ASOS: A new software development paradigm for the Internet of Things – Part 1: Basic building blocks
As the Internet grows, it has extended its reach to include home alarm systems, thermostats, toasters, light bulbs, and other devices that are not normally considered 'intelligent' to create the Internet of Things (IoT). Engineers grapple with creating sustainable electronics while adding ever more functionality to devices that previously never needed them. From an economic point of view, we need to keep these things affordable. From an eco-friendly point of view, we need to keep power consumption down.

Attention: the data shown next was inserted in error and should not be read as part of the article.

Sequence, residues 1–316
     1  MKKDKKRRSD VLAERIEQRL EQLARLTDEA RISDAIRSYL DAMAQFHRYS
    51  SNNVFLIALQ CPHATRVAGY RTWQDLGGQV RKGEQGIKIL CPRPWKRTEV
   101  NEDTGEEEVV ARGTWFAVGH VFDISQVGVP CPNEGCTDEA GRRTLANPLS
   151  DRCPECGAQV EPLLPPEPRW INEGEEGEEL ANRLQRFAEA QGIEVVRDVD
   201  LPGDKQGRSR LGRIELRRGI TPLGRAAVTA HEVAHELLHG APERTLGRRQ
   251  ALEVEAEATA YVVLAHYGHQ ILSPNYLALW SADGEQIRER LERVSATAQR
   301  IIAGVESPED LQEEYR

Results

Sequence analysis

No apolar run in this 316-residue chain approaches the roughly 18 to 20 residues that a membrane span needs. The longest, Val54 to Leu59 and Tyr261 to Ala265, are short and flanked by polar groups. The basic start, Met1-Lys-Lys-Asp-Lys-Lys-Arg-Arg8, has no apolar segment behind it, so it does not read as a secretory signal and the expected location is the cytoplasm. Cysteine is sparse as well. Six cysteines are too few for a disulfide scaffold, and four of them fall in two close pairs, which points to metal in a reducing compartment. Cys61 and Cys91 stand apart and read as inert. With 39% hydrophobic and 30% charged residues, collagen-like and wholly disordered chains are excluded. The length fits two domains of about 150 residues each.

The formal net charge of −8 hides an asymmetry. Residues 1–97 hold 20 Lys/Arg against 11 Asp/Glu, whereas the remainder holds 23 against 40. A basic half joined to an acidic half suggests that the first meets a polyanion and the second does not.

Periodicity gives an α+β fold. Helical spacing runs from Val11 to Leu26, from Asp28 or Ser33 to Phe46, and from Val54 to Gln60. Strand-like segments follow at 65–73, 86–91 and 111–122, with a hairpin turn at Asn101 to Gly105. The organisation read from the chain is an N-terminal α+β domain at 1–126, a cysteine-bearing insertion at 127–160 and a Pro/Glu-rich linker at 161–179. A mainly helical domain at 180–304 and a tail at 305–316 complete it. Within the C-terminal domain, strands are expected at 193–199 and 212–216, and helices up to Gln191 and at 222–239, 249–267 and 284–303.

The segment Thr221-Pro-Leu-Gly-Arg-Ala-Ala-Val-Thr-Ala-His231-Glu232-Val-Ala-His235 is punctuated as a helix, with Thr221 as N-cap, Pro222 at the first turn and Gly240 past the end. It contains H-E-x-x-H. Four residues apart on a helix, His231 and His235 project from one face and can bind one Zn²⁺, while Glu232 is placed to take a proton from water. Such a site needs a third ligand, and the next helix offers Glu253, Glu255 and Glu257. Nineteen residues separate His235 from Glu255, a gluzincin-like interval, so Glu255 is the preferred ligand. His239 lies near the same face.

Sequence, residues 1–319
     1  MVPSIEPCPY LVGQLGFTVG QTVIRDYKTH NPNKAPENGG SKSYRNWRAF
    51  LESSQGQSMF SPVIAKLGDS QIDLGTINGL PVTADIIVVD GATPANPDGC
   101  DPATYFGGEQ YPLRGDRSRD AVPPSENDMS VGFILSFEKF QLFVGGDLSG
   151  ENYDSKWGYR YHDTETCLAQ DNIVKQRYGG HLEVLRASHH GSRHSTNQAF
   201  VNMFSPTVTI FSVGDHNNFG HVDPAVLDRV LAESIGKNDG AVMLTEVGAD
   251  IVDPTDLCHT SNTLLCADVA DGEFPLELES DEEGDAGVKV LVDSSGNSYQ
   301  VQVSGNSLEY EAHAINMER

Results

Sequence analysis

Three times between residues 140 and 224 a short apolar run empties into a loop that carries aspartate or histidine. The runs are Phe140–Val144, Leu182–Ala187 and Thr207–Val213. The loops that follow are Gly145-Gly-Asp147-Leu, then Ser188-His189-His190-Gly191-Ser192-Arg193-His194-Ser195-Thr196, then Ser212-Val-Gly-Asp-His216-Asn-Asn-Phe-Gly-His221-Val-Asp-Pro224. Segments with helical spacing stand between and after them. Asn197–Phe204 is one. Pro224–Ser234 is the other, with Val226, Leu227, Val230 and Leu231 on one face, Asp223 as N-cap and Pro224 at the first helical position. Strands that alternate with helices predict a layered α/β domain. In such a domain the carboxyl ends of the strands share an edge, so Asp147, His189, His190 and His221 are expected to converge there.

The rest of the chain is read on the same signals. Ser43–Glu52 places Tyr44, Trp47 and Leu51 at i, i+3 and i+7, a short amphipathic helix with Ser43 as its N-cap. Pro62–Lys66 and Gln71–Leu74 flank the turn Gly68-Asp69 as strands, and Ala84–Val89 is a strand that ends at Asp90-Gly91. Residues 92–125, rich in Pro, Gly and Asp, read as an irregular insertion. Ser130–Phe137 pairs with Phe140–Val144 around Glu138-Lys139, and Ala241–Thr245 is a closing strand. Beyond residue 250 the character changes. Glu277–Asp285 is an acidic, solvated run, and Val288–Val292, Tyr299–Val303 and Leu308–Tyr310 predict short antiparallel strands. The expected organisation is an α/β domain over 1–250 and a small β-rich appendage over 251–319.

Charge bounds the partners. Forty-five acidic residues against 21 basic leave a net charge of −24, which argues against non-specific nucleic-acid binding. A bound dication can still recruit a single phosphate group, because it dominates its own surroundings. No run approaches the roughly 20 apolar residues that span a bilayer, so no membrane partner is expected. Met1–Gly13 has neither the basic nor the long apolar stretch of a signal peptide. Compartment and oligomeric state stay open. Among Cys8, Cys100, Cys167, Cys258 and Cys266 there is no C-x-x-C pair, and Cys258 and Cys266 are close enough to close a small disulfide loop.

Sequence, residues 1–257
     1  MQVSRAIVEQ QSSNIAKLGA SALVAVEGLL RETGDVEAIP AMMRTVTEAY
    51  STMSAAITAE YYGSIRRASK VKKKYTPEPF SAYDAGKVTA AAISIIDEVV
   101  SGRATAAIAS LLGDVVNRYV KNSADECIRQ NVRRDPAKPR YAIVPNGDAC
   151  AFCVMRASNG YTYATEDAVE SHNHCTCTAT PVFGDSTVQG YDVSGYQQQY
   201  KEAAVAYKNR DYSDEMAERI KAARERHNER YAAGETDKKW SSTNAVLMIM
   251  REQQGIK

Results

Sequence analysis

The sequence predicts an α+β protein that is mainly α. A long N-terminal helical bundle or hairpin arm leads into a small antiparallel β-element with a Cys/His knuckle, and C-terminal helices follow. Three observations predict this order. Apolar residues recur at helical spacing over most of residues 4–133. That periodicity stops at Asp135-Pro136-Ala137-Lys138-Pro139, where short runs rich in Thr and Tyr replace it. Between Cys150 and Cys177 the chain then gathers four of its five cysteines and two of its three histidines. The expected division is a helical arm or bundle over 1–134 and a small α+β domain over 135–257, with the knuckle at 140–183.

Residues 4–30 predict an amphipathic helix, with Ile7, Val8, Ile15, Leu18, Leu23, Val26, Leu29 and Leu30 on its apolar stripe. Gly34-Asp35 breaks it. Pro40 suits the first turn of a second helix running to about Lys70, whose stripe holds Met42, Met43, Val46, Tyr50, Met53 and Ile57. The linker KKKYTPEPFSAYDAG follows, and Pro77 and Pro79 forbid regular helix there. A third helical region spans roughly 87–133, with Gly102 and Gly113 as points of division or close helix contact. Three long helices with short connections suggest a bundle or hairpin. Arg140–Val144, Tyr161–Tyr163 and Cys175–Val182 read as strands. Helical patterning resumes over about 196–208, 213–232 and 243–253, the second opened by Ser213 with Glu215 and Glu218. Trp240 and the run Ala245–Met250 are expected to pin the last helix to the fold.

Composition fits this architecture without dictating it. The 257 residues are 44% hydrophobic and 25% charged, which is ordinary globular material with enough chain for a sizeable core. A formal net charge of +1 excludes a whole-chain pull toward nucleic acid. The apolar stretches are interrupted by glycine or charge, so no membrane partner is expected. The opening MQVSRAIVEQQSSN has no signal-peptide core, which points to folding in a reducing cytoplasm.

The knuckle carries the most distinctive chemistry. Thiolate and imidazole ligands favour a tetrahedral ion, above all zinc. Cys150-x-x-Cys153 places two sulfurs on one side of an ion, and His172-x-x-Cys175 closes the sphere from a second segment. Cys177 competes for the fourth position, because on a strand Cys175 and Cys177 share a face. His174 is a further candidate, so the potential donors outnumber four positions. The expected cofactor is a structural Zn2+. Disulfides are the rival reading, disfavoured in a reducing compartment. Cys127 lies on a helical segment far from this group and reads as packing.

One solution is software synthesis that can take software written at a high level of abstraction and create lower-level software code that is optimized for cost and power consumption. The SynthOS tool is one such example and it is now available completely free, for all uses, noncommercial and commercial.
In this article, I discuss the general concepts of RTOS synthesis as implemented in SynthOS, and I also give information about how to create C code at a high level for input to SynthOS. Synthesis is the process of taking a high-level description and turning it into a lower-level description that, in the case of software, can be compiled directly. By working at a higher level, the user does not need to be involved with implementation details.